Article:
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Dans les médias

Dans les médias - archives: 2016-05

Cette page contient une liste , ainsi qu'un sommaire, d'articles au sujets ayant trait aux pensionnats indiens, le PEI et autres sujets connexes.

Veuilliez suivre les liens inclus avec chaque article afin de trouver le texte complet.

Il est possible que les aricles qui suivent ne soient pas disponibles dans la langue officielle de votre choix car ils proviennent de sources externes au secrétariat.


Lawyer says Ottawa misled committee overseeing residential schools claims

Publié: 25 Mai 2016 - Ajouter: 26 Mai 2016 - Publication: The Canadian Press


A lawyer is accusing the federal government of withholding important documents from people seeking redress for alleged abuse in Indian residential schools.

He also says the government misled the committee charged with supervising the compensation process.

And that oversight committee, the lawyer argues, is unwilling to do anything about it.

The case is an example of how residential school survivors are dependent on the federal government to provide records that support their demands for justice, leaving them feeling like the decks are stacked against them.

Senator worried about destruction of residential school abuse evidence

Publié: 26 Mai 2015 - Ajouter: 26 Mai 2015 - Publication: National Observer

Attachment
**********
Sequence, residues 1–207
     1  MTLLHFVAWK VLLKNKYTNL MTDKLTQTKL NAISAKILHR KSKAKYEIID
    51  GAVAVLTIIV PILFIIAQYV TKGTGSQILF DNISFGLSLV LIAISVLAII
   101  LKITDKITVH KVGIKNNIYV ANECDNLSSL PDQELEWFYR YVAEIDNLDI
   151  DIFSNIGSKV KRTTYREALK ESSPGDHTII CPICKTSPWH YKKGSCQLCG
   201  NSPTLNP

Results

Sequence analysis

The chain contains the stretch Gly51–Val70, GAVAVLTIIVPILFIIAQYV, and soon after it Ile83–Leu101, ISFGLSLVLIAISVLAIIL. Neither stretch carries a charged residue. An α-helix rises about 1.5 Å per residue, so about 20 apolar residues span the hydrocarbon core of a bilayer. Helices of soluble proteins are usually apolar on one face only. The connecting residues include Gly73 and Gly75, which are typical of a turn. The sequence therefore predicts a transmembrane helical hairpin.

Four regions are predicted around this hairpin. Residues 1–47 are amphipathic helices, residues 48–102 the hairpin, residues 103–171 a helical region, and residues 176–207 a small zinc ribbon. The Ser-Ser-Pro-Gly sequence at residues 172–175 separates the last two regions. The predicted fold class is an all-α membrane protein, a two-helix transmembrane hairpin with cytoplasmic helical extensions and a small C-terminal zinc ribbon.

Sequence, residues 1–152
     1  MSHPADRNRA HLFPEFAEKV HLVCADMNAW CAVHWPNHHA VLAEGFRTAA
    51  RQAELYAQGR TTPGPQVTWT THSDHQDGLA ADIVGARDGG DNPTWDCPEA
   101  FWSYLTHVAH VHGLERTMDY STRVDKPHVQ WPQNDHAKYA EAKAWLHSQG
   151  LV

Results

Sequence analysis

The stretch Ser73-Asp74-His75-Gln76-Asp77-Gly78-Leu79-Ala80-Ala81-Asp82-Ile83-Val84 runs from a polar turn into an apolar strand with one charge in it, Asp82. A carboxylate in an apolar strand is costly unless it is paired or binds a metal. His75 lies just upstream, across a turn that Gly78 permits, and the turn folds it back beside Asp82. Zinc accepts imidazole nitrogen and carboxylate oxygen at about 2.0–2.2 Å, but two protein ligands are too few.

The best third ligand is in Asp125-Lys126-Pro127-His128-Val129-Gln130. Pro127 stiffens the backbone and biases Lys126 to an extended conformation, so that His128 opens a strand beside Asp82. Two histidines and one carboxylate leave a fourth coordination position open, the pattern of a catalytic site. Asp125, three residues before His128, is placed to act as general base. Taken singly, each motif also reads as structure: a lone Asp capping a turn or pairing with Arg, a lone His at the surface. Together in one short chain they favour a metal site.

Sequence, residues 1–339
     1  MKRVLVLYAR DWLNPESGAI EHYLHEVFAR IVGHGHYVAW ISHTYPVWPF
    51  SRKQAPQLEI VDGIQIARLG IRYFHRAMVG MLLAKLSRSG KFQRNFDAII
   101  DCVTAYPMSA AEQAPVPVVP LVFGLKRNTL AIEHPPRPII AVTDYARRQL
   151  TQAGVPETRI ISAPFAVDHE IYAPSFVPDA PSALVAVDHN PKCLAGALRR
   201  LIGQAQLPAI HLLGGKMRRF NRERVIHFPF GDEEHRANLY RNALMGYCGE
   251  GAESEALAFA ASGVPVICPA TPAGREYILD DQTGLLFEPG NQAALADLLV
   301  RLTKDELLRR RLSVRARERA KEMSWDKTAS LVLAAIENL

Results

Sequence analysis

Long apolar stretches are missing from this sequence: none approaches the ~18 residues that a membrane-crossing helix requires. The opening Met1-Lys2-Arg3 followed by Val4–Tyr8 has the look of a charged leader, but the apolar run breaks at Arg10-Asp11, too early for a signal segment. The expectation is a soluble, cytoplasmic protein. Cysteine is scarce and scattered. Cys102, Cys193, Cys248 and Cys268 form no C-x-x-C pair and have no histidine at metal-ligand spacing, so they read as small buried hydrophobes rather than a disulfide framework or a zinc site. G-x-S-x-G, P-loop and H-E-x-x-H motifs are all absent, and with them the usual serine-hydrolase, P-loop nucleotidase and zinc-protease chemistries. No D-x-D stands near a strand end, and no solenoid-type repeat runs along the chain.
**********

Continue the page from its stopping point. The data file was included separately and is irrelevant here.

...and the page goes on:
Victims of Canada’s infamous residential schools program are still missing many documents that may be in “churches across the ocean” while other evidence is at risk of being destroyed, Sen. Murray Sinclair said on Wednesday.

“More and more of the documents that were created around the residential school settlement agreement and around residential schools, continue to be in the possession of churches across the ocean and archives that are not available to Canadian law,” Sinclair said at a ceremony hosted in Gatineau, Quebec, by Information Commissioner Suzanne Legault to honour champions of the right to access information. “They’re not accessible, therefore, to survivors.”

A Canadian Catholic archbishop dismissed Sinclair’s comments, ridiculing the notion that some records might be overseas.

APTN Nation to Nation | Should there be a review of the residential school settlement

Publié: 20 Mai 2016 - Ajouter: 24 Mai 2016 - Publication: APTN


Garnet Angeconeb, a respected advocate for survivors of residential schools has written an open letter to Prime Minister Justin Trudeau calling for the Indian residential school settlement agreement to be reviewed. He joins Nigel to talk about why.

The political panel talks about a new report that shows 60 percent of children on reserve live in poverty.

And Senator Lillian Dyck talks about a senate study in the north.

AUDIO | Residential school survivor calls for review of settlement agreement

Publié: 20 Mai 2016 - Ajouter: 24 Mai 2016 - Publication: CBC News


As Canada's Residential Schools Settlement Agreement draws to a close, some survivors are calling for a review.

A review is needed in order to identify any mistakes that have been made throughout the process and make them right, said Garnet Angeconeb, a residential school survivor who lives in Sioux Lookout, in northwestern Ontario.

There will be a 10-day walk that Angeconeb hopes will raise awareness of the needs of residential school survivors. Walkers will depart from Thunder Bay on June 11 and will arrive in Kenora, Ont. on June 21, National Aboriginal Day.  

Residential schools settlement agreement under fire

Publié: 19 Mai 2016 - Ajouter: 20 Mai 2016 - Publication: APTN

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For the second time this month a call has come to review the Indian Residential Schools Settlement Agreement (IRSSA).